Primary tabs

House of Commons


TUESDAY, April 11, 1775.

Lord North moved, That the House do resolve itself into a Committee of the Whole House, on the 27th instant, to consider of the Encouragement proper to be given to the Fisheries of Great Britain and Ireland.

He introduced his motion with disclaiming any motives of resentment against America, by the present measure, or meaning it either directly or indirectly to oppress that country. He said, that Fisheries, well conducted and properly directed, were an inexhaustible fund of riches; for while they extended our commerce, and kept open a continual advantageous


intercourse with foreign Nations, they increased our naval strength, and were, consequently, the great source of that power which gave us the pre-eminence over all the other Nations of Europe.

Mr˙ Burke thanked his Lordship for the friendly disposition, be had now shown towards his (Mr˙ Burke' s) native country; observing, at the same time, that, however desirous he might be to promote any scheme for the advantage of Ireland, he would be much better pleased that the benefits thus held out should never be realized, than that Ireland should profit at the expense of a country which was, if possible, more oppressed than herself.

Mr˙ Thomas Townshend condemned, in the most pointed


terms, the narrow, weak, and ill-founded policy which had directed the English Councils in respect to Ireland, ever since that country had become a part of the British Dominions; and recommended, very warmly, an inquiry into the state of the Irish Commerce and Manufactures, in order that such of them as did not immediately interfere with those of Great Britain, might receive every possible encouragement consistent with the general interests of the whole Empire.

Mr˙ Conolly drew a very melancholy picture of the present state of Ireland, and recapitulated many instances of the eminent loyalty of that country, and of the repeated proofs she had given, for a series of years back, of her readiness to contribute, much beyond her ability, to the common support. Besides the merits she had to plead on these grounds, he pointed out the absurdity of several of the restraints laid upon the Irish Commerce; and endeavoured to show that some of those were as unkind as impolitick; and that there were some branches of trade, particularly that to the Levant, which might be laid open, much to the advantage of both countries, and to the complete rivalship of the French.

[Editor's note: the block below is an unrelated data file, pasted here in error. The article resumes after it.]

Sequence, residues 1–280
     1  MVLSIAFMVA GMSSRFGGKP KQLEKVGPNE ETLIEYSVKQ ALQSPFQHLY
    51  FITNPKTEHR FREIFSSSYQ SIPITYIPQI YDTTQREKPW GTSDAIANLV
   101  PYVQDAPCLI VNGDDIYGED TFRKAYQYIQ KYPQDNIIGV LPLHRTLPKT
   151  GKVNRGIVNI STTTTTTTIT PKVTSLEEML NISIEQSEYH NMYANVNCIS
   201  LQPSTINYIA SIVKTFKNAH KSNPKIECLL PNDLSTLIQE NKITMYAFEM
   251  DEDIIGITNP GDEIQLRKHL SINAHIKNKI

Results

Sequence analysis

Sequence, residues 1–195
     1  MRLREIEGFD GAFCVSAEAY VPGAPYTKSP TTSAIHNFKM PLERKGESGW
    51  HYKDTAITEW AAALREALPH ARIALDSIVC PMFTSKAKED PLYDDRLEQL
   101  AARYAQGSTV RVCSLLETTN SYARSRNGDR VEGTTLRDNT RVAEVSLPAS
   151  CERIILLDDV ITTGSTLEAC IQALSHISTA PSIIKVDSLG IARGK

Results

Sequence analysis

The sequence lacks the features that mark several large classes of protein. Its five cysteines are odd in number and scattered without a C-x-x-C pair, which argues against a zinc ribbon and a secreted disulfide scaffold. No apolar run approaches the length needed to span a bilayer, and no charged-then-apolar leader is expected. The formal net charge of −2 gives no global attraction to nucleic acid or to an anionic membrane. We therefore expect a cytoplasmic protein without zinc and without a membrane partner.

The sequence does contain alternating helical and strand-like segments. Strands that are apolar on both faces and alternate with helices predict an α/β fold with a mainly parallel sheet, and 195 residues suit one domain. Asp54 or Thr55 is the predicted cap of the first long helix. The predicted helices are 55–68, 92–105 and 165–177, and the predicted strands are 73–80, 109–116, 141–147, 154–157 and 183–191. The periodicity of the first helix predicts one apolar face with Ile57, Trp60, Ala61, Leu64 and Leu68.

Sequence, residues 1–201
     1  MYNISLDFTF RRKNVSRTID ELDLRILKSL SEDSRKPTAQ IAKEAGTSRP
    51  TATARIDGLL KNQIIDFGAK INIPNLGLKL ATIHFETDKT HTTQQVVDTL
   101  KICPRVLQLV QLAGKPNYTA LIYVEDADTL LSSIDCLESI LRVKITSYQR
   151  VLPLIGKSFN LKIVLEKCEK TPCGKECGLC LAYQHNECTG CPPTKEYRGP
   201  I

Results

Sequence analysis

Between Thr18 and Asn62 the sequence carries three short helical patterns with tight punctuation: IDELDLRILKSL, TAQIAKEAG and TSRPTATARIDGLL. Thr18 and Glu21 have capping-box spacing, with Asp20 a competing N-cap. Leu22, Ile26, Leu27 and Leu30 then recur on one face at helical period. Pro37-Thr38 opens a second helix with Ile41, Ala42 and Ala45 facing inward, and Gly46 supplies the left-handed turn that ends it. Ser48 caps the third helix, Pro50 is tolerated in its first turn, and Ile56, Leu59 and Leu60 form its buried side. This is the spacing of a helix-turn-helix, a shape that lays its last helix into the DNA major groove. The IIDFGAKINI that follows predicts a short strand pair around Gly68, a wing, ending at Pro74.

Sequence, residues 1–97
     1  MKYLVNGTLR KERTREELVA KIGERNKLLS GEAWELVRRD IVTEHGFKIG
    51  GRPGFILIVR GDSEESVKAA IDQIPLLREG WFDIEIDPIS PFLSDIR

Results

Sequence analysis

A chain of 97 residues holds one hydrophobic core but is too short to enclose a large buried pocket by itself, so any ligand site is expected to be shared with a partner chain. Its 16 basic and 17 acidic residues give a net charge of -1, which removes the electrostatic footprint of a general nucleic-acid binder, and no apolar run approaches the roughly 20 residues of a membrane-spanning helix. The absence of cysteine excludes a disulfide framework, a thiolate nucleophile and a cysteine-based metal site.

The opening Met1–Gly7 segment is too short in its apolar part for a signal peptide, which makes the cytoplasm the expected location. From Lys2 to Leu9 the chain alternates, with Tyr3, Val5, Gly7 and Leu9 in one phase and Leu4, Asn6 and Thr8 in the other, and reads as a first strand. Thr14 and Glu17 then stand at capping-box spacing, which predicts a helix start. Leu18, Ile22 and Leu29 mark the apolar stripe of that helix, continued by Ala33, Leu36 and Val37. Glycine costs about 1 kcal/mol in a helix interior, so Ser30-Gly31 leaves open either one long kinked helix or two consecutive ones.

Mr˙ Burke rose a second time, and predicted the most happy conclusion from the dawning favourable disposition of the Minister. He, therefore, offered an amendment, by proposing to insert the words, "Trade and Commerce."

Lord North observed, that the amendment suggested by the honourable gentleman would introduce a mass of matter much too weighty and extensive for present consideration; that nothing of the kind was intended by the present motion; and that it arose purely from matter which came out in the course of a discussion on the Massachusetts Bay Fishery Bill, though he could assure the House that it was by no means dictated by a spirit of resentment, but was simply taken up on the mere independent idea which the motion expressed, that of encouraging the Fisheries of Great Britain and Ireland, as an independent proposition.

The question was then put, and it was carried in the Affirmative.

Resolved, That this House will, upon Thursday fortnight, the 27th day of this instant, April, resolve itself into a Committee of the Whole House, to consider of what Encouragements it may be proper to give to the Fisheries carried on from Great Britain and Ireland.